- GE has struck a deal to offload about 20 energy investments valued at approximately $1 billion, including debt, in a sale to Apollo Global Management announced Monday.
- GE has struggled of late and its share price hit nine-year lows in September. The company responded by installing a new CEO, Lawrence Culp, the former chief of manufacturer Danaher.
- The most recent sale of energy assets includes investments in renewable energy, contracted gas-fired generation and midstream energy infrastructure assets, primarily located in the United States.
The announcement by GE and Apollo is a sign the industrial giant is still looking for ways to cut costs and reduce debt, and may signal renewed interest in streamlining the company now that Culp is at the helm.
The company removed John Flannery as chairman and CEO last week. Flannery had only been on the job a year, but CNBC reported the board had grown frustrated at the slow changes.
The new equity portfolio sale includes approximately 20 energy investments, and GE and Apollo will "seek to form an ongoing relationship with respect to select future new energy infrastructure investments," according to GE's statement.
Details of the sale were not disclosed; the deal is expected to close in the fourth quarter of this year.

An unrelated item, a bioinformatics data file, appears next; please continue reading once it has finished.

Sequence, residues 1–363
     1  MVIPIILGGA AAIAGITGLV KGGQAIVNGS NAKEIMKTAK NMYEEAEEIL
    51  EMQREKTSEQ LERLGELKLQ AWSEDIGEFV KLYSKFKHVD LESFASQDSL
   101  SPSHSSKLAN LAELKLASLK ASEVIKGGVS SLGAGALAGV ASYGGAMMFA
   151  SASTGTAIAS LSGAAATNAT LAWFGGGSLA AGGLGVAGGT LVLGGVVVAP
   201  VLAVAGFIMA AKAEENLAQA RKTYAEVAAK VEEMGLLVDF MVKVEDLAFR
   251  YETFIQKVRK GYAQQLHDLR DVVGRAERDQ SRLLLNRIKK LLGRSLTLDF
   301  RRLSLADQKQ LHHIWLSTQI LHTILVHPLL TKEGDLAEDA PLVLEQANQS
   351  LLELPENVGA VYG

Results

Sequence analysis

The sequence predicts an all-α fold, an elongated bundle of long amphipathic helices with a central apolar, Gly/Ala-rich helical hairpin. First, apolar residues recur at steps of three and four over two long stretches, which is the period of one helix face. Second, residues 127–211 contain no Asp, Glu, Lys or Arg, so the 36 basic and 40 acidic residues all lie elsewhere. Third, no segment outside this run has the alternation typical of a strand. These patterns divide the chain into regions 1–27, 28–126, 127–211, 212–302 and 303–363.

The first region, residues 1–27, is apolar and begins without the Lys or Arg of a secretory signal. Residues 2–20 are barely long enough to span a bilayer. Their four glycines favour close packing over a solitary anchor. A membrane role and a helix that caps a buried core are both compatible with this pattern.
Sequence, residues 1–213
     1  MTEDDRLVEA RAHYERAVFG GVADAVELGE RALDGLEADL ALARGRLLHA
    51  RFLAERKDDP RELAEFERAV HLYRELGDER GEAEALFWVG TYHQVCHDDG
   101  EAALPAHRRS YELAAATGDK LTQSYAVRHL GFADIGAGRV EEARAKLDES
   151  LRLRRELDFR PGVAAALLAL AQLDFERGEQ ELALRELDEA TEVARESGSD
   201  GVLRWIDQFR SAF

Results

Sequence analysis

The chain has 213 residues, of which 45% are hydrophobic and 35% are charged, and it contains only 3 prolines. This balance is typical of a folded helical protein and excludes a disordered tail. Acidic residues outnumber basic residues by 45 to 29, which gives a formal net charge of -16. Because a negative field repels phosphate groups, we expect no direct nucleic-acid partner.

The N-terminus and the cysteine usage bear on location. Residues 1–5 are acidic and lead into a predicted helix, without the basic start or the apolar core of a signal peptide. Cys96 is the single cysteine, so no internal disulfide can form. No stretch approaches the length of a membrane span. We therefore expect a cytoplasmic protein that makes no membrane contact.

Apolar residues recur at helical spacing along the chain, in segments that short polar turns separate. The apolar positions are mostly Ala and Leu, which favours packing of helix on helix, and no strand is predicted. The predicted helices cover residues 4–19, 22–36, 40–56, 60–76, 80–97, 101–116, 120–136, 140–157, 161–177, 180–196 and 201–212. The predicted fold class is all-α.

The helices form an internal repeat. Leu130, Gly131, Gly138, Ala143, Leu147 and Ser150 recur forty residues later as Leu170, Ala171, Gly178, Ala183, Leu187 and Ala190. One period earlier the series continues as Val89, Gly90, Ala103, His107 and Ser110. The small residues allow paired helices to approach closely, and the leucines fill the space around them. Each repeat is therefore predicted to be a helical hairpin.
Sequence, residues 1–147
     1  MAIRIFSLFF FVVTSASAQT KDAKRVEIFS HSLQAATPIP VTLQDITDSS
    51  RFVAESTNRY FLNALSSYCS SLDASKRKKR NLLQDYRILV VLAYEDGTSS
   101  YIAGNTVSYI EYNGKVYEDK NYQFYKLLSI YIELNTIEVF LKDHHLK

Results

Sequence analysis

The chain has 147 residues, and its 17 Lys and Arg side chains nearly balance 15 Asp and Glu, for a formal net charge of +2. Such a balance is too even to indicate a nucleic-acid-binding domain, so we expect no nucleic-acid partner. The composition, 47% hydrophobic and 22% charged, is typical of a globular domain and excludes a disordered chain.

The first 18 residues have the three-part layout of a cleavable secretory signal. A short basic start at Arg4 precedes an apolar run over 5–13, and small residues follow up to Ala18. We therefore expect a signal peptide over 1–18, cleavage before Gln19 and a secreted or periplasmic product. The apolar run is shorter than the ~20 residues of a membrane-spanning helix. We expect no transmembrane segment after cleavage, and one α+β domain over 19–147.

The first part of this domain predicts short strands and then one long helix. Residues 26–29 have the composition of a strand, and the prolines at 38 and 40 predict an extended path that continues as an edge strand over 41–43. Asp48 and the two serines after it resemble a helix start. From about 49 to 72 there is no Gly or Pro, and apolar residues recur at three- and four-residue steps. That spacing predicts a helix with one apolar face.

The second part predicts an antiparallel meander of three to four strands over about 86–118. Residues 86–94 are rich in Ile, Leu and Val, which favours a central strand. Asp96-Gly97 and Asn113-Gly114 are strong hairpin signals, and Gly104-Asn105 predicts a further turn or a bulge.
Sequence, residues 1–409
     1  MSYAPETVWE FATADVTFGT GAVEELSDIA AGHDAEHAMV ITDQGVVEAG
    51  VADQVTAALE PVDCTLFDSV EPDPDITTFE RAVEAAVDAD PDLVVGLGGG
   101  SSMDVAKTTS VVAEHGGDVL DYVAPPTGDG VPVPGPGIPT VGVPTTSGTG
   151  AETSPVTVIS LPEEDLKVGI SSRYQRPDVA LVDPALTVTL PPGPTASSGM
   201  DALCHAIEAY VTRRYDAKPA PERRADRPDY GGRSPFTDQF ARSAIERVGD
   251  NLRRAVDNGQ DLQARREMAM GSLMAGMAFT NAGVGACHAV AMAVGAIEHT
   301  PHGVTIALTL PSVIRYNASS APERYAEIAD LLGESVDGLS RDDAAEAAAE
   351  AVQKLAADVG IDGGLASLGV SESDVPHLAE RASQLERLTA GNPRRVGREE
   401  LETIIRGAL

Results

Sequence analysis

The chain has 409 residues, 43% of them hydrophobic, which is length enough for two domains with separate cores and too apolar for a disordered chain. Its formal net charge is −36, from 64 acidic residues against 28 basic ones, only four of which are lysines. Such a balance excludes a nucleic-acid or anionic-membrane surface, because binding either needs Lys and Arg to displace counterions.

Apollo was the "ideal buyer" due to the level of "experience managing complex alternative investments," Alec Burger, president of GE Capital, said in a statement.
Earlier this year, GE announced a plan to streamline its focus to a trio of core areas: renewables, power and aviation.
The company said the renewables business will focus primarily on wind energy, on and offshore, along with hydroelectricity. GE's power business will include its gas turbine business, power services and other segments.
While renewables have been growing rapidly, GE still believes gas turbines are the key to the long-term energy mix, though it concedes the market may see some declines. GE currently has an installed base of 7,000 turbines underpinning a contractual services business.